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December 6, 2021 2:15 pm

Unfortunately, potential investors in “Hot Rocks Two”, who saw “Hot Rocks One”, will think that they have hot rocks in their heads.

Streetcred
Reply to  nicholas tesdorf
December 6, 2021 2:38 pm

unfortunately, I think that there are enough woke dumbazzes out there who will toss their lifesavings into these scams.

ResourceGuy
Reply to  Streetcred
December 7, 2021 6:06 am

It still takes some misguided government funding to complete the scam lending false security to the deal.

Zig Zag Wanderer
December 6, 2021 2:25 pm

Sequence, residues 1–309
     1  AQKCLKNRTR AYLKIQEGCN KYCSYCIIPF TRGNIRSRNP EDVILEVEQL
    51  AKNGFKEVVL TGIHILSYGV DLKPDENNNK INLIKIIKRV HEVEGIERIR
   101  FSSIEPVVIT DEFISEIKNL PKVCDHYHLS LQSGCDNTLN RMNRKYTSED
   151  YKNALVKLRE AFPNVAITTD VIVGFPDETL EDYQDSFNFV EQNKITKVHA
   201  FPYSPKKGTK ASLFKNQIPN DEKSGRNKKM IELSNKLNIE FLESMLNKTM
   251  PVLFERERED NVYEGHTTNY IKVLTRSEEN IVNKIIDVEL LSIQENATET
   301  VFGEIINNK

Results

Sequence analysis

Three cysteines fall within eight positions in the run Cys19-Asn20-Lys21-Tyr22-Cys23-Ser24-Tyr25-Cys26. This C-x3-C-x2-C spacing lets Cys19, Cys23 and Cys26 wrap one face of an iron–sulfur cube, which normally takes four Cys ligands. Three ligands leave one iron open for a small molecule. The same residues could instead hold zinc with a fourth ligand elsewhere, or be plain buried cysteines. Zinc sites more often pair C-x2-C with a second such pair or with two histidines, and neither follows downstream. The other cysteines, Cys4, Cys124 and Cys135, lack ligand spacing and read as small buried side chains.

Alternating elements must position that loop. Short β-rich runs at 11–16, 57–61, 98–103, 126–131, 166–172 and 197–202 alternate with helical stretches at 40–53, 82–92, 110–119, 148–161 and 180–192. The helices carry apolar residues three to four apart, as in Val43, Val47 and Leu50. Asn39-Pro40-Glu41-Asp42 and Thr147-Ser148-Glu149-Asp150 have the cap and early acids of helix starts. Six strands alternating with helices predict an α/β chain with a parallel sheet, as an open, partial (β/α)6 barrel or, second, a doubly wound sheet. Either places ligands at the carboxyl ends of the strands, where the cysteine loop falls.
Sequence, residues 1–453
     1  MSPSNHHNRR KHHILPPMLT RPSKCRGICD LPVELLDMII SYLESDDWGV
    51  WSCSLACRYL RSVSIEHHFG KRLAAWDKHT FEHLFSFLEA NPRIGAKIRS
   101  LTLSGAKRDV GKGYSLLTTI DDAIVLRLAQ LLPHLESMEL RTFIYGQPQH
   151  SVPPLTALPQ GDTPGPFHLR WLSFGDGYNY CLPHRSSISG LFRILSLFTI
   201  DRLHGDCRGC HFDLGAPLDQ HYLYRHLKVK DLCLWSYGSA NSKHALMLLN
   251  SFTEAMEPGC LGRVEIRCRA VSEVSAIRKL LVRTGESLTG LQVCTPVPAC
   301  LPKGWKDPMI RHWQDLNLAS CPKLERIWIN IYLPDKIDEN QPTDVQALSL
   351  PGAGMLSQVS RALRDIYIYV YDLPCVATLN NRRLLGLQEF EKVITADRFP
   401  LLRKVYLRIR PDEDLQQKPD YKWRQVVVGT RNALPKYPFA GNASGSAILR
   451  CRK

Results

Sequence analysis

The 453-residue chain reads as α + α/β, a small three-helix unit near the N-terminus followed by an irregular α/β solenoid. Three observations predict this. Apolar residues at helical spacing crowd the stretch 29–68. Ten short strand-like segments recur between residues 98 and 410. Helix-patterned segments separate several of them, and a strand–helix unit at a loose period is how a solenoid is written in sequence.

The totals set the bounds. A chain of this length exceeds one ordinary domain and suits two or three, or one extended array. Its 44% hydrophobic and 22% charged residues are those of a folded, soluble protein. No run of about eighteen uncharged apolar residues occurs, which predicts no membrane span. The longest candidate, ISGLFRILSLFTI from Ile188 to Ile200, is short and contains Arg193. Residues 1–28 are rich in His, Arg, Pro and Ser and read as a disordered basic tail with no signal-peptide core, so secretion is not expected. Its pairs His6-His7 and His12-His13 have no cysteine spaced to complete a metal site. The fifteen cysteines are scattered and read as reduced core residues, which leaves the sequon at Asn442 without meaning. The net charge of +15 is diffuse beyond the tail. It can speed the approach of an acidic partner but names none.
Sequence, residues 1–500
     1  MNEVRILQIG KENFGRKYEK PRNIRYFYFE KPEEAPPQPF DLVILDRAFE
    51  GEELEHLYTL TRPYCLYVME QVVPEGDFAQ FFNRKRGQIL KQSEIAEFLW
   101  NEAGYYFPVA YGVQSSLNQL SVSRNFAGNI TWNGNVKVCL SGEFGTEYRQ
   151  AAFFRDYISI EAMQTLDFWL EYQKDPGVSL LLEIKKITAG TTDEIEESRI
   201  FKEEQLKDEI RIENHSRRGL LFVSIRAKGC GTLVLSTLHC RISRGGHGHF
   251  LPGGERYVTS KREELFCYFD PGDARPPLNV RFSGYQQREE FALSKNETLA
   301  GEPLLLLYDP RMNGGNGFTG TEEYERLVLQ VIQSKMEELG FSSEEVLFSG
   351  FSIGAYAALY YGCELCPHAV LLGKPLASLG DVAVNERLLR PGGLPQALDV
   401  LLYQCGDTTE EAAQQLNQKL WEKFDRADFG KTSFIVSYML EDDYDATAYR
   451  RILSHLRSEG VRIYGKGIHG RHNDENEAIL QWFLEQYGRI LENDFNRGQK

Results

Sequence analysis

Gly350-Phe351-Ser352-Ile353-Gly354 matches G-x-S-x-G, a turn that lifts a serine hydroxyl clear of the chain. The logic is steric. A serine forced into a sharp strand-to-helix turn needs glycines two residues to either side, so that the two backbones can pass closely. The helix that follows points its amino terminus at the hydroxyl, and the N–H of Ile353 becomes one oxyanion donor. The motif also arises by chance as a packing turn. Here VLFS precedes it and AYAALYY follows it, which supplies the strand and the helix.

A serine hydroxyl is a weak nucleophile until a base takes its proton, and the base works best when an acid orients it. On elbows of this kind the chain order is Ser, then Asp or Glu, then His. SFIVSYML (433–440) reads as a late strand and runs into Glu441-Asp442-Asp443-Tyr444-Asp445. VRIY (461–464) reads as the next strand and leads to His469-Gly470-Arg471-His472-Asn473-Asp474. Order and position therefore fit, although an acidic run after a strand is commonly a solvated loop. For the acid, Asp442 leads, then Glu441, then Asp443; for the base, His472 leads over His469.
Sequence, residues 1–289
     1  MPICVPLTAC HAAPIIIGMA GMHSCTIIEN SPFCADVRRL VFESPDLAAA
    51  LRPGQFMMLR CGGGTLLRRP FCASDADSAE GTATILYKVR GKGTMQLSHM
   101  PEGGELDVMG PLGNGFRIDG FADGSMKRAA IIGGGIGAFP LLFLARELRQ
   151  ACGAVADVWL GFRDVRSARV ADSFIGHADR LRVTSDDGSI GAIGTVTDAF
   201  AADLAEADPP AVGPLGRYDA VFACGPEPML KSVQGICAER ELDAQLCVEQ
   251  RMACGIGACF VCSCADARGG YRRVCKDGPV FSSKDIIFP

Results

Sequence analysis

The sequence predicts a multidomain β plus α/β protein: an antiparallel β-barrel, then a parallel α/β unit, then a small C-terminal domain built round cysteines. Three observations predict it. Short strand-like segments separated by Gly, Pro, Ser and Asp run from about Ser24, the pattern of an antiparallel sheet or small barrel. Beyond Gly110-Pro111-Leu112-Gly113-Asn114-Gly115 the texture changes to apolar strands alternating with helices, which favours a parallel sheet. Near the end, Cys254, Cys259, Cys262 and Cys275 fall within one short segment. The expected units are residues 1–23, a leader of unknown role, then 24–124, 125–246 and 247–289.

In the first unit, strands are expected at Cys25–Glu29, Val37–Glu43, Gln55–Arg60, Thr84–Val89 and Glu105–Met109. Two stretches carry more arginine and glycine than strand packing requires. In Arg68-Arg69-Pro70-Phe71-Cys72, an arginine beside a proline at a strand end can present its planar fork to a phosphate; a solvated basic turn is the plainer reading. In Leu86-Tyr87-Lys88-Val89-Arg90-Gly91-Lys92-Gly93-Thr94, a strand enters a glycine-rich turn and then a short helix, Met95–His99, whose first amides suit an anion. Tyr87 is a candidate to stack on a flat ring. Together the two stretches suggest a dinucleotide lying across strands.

unfortunately the cost of implementing the technology and also the cost of delivering the electricity that was produced to a market was just greater than the revenue stream that we could create

All you need to do is make other electricity generation methods more expensive and you’re in business. Simples!

M Courtney
December 6, 2021 2:31 pm

The heat needs to be near the surface.

The problem isn’t drilling to the heat. That’s proven technology.
The problem isn’t extracting the hot liquid That’s also proven technology.
The problem is keeping the hole open. The earth moves.

This isn’t a case of following the source of high energy material. It’s not drilling for oil. It’s a case or reaching the hot area and staying there. Constantly re-drilling costs energy. And there isn’t that much energy to get.

Unless the heat is near the surface. Geothermal works great then.

It doesn't add up...
Reply to  M Courtney
December 6, 2021 3:11 pm